- Rod Kackley
The Murder of Ashley Wadsworth: A Shocking True Crime Story
Ashley Wadsworth began an on-again, off-again, online relationship with Jack Sepple when they were children. She was 12. He was 15.
For many years, they could do nothing but chat online since she lived with her family in Canada, and he with his in Essex, a county in the east of England.
But their interest could not be extinguished by something so mundane as distance.
When she turned 19, Ashley got a six-month visa to meet Jack in person during her gap year.
At first, their relationship that switched from online to real life was pure romance, the sort of idyllic relationship dreamed of by many young women.
Ashley, who had never been outside Canada, nor far from her home in Vernon, British Columbia, posted photos online about what she described as her “amazing” trip to London.
One of the pictures showed Ashley seated in a restaurant next to Jack, his heavily tattooed arm around her shoulder, both smiling.
In another, a selfie showed Ashley and Jack, who she described as “my bestie.”
“She really did love him,” said one friend.
But then everything went wrong.
Jack lashed out at Ashley. He became violent.
Ashley started sending cryptic messages to friends back home, forced to write in code because Jack monitored everything she wrote.
A friend told a Canadian newspaper that Jack didn’t want Ashley to speak to her friends back home, but she was desperately seeking their help.
Although Ashley had planned to stay beside her “bestie” until April, on January 30, 2022, she booked a flight home for February 3.
As the day of her escape approached, Ashley grew so fearful that on February 1, 2022, she walked to a neighbor’s and knocked at the door. When the door opened, Ashley explained she was afraid Jack would kill her.
The neighbor was concerned and walked Ashley back to Jack’s apartment. There, Jack, now 23 years of age, assured the neighbor that he and Ashley had simply had a lovers’ spat and the young woman was certainly not in danger.
The neighbor returned home, apparently convinced Ashley was safe.
However, as soon as she had a moment alone, Ashley used Jack’s Facebook account to message friends she’d made in England and plead for their help. She wanted them to do what she could not; contact the police.
A couple of those friends in Essex went to Jack’s apartment to check on Ashley. They knocked on the door but were not admitted. So, they called 999 for police assistance.
Meanwhile, neighbors heard the sounds of a horrendous fight and called 999.
When the police arrived, Jack wouldn’t allow them into the apartment. In fact, he refused to even answer the door, so the police officers used a battering ram to get inside.
Once in Jack’s home, the police quickly found both Ashley and Jack. They were in Jack’s bedroom; he was alive, and she was dead.
Ashley was in bed, while Essex police said Jack was on a FaceTime call to his sister, showing her the body.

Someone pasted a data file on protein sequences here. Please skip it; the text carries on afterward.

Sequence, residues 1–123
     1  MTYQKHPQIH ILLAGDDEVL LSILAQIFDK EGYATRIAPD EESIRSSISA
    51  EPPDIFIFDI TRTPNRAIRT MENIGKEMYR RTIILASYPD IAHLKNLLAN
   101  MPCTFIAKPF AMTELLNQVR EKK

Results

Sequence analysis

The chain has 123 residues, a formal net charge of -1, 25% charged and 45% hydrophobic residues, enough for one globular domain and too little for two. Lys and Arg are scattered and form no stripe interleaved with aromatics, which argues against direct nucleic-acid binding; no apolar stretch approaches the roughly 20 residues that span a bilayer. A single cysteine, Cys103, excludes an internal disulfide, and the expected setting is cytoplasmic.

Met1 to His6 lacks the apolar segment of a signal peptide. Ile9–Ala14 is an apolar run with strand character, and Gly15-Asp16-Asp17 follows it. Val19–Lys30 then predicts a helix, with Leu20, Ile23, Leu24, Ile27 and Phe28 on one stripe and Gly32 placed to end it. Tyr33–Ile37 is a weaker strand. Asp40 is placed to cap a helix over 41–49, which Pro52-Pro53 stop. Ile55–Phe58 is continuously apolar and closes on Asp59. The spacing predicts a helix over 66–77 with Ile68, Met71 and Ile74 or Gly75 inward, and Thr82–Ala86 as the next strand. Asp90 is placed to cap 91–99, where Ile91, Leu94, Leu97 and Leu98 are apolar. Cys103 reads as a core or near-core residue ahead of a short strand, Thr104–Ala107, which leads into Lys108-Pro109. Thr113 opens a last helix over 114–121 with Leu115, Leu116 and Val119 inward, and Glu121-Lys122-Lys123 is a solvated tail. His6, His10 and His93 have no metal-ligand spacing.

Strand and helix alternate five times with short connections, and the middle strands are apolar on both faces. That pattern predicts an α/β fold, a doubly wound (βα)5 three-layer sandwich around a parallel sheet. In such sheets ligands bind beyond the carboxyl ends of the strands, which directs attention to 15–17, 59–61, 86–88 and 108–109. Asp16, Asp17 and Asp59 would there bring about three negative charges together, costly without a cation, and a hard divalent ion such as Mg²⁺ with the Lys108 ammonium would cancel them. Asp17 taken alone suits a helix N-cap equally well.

And it was a god awful bloody mess.
Ashely was stabbed an estimated 90 times. An autopsy would show Ashley suffered stab wounds to her stomach, liver, lung, and heart.
Her face, neck, legs, and arms were bruised.
Police officers immediately confronted Jack and demanded an explanation.
All he said was, “I’m sorry. I strangled her and stabbed her.
“I went psychotic.”
On October 10, 2022, Jack was convicted of Ashley’s murder and sentenced to life in prison with a minimum of 23 years and six months.
While Ashley’s family was grieving, they received a letter from Jack in which he apologized for murdering the young woman.
He blamed the killing on his “intrusive thoughts.”
In the letter published by “The Independent” newspaper, Sepple wrote that he’s “very sorry for what I did, and I regret my actions that led to taking Ashley’s life.”
He also writes that Ashley’s family knows of his “mental health” issues because he was open and honest with Ashley about “how it affected my thinking.”
...and while it’s no excuse, I know my intrusive thoughts have a big effect on my thinking and my actions.”
Sepple did have a history of violence toward women before he met Ashley.
Two previous girlfriends obtained restraining orders against Sepple.
He even had problems with his mother.
After he dragged her to the floor during an argument, Sepple’s mother obtained a restraining order against him in 2014.
Closing his letter to Ashley’s family, Sepple admitted, “there is nothing I can say that can bring Ashley back, nor can I make your pain go away.”
I just wanted to say I am so sorry.
November 2, 1945: On her way to a high school football game with friends, a fourteen-year-old girl vanishes after driving away with a man who says he needs a babysitter.
The FBI unleashes its top kidnapping expert, an agent who helped bring John Dillinger down. Will that be enough to find the girl and her abductor?
Agents chase the suspected kidnapper from California to Illinois and back again.
Arrested in Los Angeles, he admits abducting the child. He also tells the FBI he killed the girl and threw her body into the Pacific Ocean. A search for her corpse proves fruitless.
Then, when all hope is lost, authorities discover the skeleton of another young woman who's fallen victim to this madman.
Ready for another twist? The wife of the man who made that discovery is found dead at the bottom of the cliff.
During the accused killer's trial, women around the country fall in love with the handsome monster and literally break down the doors of a courthouse to get close to him.
Wild enough for you? Wait. After the child's killer is convicted and sentenced to the gas chamber, a scientist shows up and says he can bring the murderer back from the dead.
The Murder of Thora Chamberlain: A Shocking True Crime Story: This is the wildest, most shocking, true crime story you've ever read.